Getting in early: How sound interagency planning and collaboration right from the start resulted in good outcomes for a family
Late last year, a five day old baby presented at Starship with a lump on his head which turned out to be a serious skull fracture. There was no satisfactory explanation provided by family for the injury and the matter was considered a non-accidental injury.
The baby, his mum and sibling (a toddler) lived in an extended family situation with a lot a family members coming and going from the household, some of whom were known to Police. Mum had left the baby in the care of household members while she went out for a short while to buy groceries, and noticed when she returned that the baby had a lump on his head and was irritable. She sought medical attention right away and baby was admitted to hospital.
A joint meeting was held the day of admission involving Child, Youth and Family, Police and Health, and a joint plan was agreed. While Child, Youth and Family focussed on negotiating a safety plan for the baby in hospital and for the other toddler in the household, Police interviewed the mother and the other household members.
Various explanations for the injury were put forward. Police returned to the household with a paediatrician who brought a life-size model of a baby to demonstrate to family members how he believed the injury may have occurred. After the visit the paediatrician was able to advise the Police that it was not possible for the injury to be sustained through the scenarios described. Police then interviewed family members further, resulting in the arrest of a female household member. The matter is currently before the District Court.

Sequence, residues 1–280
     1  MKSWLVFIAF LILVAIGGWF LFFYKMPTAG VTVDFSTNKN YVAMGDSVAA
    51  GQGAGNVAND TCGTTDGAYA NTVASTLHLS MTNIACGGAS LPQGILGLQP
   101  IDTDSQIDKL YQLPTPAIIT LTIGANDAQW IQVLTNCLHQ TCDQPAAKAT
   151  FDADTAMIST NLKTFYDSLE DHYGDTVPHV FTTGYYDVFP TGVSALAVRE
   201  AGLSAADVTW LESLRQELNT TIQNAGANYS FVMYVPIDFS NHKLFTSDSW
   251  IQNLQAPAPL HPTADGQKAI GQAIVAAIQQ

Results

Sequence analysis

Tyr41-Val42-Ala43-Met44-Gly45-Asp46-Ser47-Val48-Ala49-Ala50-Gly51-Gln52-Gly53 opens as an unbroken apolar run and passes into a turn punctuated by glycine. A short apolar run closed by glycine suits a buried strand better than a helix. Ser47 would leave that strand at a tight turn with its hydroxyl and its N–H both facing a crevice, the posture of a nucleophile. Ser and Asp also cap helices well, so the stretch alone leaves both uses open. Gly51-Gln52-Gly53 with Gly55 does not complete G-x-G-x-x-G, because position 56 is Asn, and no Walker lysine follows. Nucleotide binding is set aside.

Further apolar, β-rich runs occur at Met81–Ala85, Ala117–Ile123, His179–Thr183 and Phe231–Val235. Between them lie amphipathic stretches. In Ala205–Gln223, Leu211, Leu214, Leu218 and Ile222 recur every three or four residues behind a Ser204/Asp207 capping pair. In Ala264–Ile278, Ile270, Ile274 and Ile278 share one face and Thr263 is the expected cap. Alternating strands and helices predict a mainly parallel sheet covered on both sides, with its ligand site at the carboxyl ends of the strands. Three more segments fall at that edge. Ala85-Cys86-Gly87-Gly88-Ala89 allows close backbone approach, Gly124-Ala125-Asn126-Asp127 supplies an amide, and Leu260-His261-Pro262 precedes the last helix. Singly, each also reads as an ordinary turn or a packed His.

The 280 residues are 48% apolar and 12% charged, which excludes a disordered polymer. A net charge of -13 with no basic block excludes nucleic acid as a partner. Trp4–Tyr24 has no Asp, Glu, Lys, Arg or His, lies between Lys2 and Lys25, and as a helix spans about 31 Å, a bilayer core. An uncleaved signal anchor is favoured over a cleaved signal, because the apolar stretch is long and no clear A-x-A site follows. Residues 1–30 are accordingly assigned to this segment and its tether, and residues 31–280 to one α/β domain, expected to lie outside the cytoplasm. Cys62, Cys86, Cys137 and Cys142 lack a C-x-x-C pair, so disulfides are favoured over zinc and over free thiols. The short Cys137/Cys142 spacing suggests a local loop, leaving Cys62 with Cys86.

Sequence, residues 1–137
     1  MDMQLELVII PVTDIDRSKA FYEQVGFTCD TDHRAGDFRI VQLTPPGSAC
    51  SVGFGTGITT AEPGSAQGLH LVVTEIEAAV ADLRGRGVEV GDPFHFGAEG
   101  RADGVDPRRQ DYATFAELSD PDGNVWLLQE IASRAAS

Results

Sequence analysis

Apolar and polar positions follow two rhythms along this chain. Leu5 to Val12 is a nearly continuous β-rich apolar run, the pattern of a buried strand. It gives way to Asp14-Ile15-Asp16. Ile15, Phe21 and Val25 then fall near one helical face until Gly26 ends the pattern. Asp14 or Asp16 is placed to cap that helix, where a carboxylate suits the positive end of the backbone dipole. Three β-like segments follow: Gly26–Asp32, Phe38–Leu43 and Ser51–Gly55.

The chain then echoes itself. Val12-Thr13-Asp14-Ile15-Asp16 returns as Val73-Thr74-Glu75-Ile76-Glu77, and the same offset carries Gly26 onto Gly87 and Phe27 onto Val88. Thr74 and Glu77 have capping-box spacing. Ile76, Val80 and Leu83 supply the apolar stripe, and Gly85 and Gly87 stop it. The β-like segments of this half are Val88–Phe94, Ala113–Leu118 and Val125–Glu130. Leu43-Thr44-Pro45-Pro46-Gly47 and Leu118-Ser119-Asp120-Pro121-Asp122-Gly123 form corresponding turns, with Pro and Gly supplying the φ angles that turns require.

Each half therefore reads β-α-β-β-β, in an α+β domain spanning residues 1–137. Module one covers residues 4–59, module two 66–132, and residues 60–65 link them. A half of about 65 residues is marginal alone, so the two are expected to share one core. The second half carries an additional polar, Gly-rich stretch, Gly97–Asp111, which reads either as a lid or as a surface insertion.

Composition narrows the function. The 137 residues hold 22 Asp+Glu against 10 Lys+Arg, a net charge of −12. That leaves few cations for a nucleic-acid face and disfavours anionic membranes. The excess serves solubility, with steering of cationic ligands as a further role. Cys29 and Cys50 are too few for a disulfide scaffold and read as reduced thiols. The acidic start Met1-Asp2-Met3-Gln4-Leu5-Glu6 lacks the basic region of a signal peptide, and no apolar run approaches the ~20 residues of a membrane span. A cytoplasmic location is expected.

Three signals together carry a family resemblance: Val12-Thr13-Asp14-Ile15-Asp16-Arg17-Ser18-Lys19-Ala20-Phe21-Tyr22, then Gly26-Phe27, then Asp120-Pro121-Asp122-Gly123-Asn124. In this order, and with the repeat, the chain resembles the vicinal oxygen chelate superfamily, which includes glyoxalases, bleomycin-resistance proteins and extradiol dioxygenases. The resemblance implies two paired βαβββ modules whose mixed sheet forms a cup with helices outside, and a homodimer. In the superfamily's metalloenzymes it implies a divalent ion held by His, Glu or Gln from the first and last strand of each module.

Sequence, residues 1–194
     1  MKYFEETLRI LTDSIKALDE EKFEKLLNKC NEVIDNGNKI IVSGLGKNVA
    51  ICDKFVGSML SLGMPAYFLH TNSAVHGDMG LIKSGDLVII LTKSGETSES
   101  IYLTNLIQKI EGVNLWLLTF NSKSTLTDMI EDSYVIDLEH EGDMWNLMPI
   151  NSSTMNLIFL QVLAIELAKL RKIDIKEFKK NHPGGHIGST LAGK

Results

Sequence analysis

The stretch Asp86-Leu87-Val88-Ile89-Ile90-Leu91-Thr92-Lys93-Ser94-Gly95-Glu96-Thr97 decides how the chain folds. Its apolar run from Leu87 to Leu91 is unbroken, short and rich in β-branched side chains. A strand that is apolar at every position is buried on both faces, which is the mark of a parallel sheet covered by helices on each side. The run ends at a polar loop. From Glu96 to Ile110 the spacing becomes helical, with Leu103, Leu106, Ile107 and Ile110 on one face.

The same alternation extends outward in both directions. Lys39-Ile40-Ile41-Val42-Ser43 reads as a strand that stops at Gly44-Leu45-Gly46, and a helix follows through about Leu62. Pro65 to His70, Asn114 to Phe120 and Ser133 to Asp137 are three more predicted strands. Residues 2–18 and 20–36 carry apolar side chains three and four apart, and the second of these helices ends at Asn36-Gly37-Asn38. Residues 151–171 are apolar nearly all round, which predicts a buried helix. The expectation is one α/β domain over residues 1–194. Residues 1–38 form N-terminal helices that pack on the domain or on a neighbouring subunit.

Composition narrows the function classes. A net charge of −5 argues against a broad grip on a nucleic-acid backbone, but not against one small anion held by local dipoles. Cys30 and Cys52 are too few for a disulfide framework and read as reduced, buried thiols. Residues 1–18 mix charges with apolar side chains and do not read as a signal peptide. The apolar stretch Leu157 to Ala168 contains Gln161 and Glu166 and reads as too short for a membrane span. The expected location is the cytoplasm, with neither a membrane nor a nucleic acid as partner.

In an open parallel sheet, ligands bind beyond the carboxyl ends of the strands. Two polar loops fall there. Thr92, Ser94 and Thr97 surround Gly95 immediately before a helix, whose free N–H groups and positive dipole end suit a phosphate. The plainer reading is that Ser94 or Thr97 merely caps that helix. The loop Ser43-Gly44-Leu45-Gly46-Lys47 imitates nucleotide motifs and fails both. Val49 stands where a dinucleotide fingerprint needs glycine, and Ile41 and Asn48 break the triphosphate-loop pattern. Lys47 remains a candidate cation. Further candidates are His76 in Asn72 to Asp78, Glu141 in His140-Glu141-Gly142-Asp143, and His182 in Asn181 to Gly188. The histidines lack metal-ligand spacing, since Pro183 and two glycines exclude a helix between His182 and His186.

It was established that while the mother did not cause the injury to her baby, she was struggling with her parenting role. An agreement was reached that both children could return to her care but it would need to be in a supervised setting, involving a residential parenting programme.
This plan was supported by a family group conference and a Family Court order was obtained placing the children in Child, Youth and Family custody for six months to ensure the children's safety should the plan not succeed.
The mum has recently graduated from the programme, having made significant gains in her parenting knowledge and skills, and increased self confidence. She is now living in her own Housing New Zealand home, with ongoing support from Family Start and other community agencies.
The injured baby continues to have medical oversight and rehabilitation services through ACC. While the injuries to the baby will likely continue to have an impact on his functioning for the rest of his life, this is a case where sound interagency planning and collaboration right from the start has resulted in a good outcome for the children and their mother.
* A big thanks to the Panmure site for sharing this great example with us